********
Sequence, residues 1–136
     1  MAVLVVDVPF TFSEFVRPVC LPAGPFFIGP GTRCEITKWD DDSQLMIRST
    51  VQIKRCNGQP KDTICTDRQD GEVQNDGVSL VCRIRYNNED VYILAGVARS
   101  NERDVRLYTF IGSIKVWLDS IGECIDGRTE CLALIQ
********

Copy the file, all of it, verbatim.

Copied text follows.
Sequence, residues 1–136
     1  MAVLVVDVPF TFSEFVRPVC LPAGPFFIGP GTRCEITKWD DDSQLMIRST
    51  VQIKRCNGQP KDTICTDRQD GEVQNDGVSL VCRIRYNNED VYILAGVARS
   101  NERDVRLYTF IGSIKVWLDS IGECIDGRTE CLALIQ